Welcome to “Defend Your List,” a BuzzFeed FWD series where we ask internet humans to share and then defend their internet habits. Pretty much everything we do online is carefully tracked and categorized, meaning we all seem to have these naturally occurring lists full of our digital debris. Netflix queues. Amazon purchase histories. Browser histories. Recent Seamless orders. At first glance, they feel like random inputs, mundane details no one would be interested in. Viewed another way, though, they’re some of the most telling expressions of one’s true personality: your actual media diet.
Sometimes these lists can be a little embarrassing, as is the case with Paul Ford’s Spotify history. His friend, blogger and entrepreneur Anil Dash, tweeted a screenshot to us revealing that Paul had been listening to the same Katy Perry song at least four times in a row. Paul is one of our favorite writers and programmers (OK, not totally true, we can’t say for sure he’s our favorite programmer), so we asked him to explain his saccharine listening habits.
The result is one of the most detailed defenses of repeated guilty pleasure listening that you will ever read. Enjoy.
Oh, and you can follow Paul on Spotify by clicking right here.
—The FWD Team
I’ve listened to Katy Perry’s “Unconditionally” a few hundred or maybe a thousand times. The reason I was, and am, listening to this song on repeat is that I’m behind on a number of deadlines for articles and a book and I’m in a bad place — the best way to explain it is that I am waiting, impatiently, for my brain to work through whatever it needs to work through so that I can finally get my work done.
Everything feels a little like sandpaper, and I seek out smooth things to get me through the day. Katy Perry is a comfort, along with the RAC remix of “Hollywood” by Penguin Prison, “Elastic Heart” by Sia, The Weeknd, and Diplo, and a handful of other tracks that I can listen to for an entire day at a time on repeat without having any strong emotional reaction whatsoever.
Listening to music is now a weird social thing and I haven’t bothered to turn off the sharing functions on Spotify. And for some reason when I listen to Katy Perry on Spotify it causes people to screenshot the listens and tease me on Facebook and Twitter. It’s happened three or four times. No one else inspires this in the same way, not when I listened to “Return of the Mack C&J Street Mix” by Mark Morrison 50 times in a row. There’s something about Katy Perry.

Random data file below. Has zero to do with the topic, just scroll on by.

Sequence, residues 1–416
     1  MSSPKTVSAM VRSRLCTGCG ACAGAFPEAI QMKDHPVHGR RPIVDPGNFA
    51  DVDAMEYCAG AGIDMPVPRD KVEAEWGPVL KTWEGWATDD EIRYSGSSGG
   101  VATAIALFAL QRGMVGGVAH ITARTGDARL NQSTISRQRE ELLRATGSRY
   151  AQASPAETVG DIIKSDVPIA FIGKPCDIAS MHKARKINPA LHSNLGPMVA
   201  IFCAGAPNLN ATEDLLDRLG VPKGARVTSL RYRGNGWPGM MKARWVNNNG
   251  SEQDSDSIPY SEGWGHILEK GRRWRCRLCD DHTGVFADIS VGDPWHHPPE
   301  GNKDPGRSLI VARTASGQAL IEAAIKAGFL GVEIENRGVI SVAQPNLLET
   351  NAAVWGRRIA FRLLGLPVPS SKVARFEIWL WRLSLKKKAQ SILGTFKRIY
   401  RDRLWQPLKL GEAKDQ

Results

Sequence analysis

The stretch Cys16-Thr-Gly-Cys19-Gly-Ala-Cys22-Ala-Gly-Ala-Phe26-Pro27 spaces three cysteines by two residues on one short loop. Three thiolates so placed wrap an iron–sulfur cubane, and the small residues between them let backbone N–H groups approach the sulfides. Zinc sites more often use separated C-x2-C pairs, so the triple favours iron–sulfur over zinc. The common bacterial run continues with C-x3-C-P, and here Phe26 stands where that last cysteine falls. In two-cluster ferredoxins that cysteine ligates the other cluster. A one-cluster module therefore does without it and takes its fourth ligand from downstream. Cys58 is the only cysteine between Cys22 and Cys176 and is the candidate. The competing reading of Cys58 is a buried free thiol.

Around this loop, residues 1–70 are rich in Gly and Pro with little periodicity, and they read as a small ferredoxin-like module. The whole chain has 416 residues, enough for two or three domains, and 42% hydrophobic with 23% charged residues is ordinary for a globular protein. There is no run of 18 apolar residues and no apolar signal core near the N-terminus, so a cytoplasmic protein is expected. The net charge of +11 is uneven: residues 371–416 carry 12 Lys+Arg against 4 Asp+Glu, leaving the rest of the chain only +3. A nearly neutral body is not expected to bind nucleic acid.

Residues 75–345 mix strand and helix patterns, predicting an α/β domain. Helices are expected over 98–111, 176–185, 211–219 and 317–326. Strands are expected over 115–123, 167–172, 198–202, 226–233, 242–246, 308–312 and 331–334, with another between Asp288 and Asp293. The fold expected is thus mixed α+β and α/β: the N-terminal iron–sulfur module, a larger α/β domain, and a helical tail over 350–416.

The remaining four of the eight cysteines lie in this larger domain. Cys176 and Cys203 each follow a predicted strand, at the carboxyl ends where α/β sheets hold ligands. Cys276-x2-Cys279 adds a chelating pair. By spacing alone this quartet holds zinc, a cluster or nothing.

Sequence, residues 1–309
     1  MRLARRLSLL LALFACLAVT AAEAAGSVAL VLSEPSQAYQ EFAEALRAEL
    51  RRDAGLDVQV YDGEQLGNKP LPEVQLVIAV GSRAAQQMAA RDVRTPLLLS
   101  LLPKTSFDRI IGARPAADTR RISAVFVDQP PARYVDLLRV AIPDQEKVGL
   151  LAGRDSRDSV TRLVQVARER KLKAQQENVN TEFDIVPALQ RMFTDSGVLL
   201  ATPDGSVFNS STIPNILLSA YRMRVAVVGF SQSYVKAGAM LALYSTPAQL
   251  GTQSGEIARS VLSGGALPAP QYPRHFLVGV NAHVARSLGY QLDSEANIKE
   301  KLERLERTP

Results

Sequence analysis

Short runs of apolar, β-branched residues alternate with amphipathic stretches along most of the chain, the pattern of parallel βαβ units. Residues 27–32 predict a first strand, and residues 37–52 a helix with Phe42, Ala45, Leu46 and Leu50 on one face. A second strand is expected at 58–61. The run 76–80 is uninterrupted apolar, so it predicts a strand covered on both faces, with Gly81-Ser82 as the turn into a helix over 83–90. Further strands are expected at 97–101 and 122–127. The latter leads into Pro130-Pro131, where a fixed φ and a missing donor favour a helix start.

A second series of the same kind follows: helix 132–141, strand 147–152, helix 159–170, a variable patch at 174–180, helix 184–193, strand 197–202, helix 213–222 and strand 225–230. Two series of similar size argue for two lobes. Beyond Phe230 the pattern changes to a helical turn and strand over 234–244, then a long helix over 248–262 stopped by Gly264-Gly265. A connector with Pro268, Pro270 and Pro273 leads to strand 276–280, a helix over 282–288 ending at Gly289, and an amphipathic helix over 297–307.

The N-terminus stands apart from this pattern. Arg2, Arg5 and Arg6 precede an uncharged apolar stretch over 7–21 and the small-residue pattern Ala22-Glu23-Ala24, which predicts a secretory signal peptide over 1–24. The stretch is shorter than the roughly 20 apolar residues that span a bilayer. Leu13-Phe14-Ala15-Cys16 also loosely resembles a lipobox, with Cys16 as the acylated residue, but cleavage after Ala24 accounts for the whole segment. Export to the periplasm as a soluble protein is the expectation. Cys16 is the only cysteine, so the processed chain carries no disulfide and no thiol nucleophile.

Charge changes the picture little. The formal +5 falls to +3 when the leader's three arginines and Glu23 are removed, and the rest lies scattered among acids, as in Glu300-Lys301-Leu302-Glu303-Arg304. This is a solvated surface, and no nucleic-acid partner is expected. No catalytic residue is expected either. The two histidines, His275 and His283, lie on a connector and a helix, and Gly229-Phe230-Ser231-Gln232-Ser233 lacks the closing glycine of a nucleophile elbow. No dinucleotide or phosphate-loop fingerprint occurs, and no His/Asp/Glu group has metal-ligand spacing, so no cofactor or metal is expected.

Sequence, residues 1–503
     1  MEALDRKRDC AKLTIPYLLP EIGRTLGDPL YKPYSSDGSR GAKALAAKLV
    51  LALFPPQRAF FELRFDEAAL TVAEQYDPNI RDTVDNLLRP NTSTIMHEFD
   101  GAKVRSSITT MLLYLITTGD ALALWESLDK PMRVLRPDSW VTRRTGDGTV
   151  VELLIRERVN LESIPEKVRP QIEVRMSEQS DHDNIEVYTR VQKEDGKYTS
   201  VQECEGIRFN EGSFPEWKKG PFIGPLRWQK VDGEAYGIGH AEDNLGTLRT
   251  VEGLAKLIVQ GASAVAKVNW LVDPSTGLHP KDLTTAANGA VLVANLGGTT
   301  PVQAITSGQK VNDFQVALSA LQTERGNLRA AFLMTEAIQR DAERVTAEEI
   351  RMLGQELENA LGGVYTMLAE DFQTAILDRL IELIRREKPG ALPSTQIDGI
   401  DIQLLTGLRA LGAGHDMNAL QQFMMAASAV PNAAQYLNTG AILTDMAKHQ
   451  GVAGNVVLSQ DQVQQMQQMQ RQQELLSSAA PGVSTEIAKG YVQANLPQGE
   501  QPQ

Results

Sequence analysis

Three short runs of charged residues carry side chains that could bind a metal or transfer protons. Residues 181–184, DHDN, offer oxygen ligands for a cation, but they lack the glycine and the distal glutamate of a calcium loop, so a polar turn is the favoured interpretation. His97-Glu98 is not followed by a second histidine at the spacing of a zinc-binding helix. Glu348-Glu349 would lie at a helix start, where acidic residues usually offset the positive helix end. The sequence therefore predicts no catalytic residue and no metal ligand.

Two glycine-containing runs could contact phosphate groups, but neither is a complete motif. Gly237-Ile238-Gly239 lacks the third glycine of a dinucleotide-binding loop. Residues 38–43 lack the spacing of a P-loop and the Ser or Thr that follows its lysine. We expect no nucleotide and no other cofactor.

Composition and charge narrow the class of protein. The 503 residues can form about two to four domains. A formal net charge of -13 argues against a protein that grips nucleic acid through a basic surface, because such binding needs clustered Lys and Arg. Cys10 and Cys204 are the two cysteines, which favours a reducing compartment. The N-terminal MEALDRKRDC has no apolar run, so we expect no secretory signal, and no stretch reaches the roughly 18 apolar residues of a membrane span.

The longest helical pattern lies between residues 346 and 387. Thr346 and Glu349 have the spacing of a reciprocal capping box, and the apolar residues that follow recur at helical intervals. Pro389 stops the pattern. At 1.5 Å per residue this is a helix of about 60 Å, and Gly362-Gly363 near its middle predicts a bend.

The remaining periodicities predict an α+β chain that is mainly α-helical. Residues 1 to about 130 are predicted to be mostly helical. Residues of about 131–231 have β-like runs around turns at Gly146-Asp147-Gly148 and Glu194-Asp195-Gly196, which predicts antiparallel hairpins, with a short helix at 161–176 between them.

The song itself is pretty good; the lyrics, about unconditional love, are pretty typical of pop psychology (“did I almost see / what’s really on the inside?” etc.). The first 36 seconds are perfectly produced, the musical equivalent of an expensive aluminum teapot you buy from Target; after 36 seconds it transforms into a glass pitcher you buy at Wal-Mart. But let’s keep the focus on the first half-minute. I love the little reverbed drum tap that repeats on the fourth beat of the first 12 measures. It’s gated in such a way that the reverb cuts off before the next measure starts, which is counterintuitive and unsettling. Your brain says: “Hey, someone is tapping a drum in a very echoey room,” but then it cuts off and you realize that you’ve been had. But right as you’re getting used to this weird reality you hear it again. Digital production! It gives the whole intro a kind of artificial, glassy feeling that I find comforting, like playing with magnets or biting a fancy pen.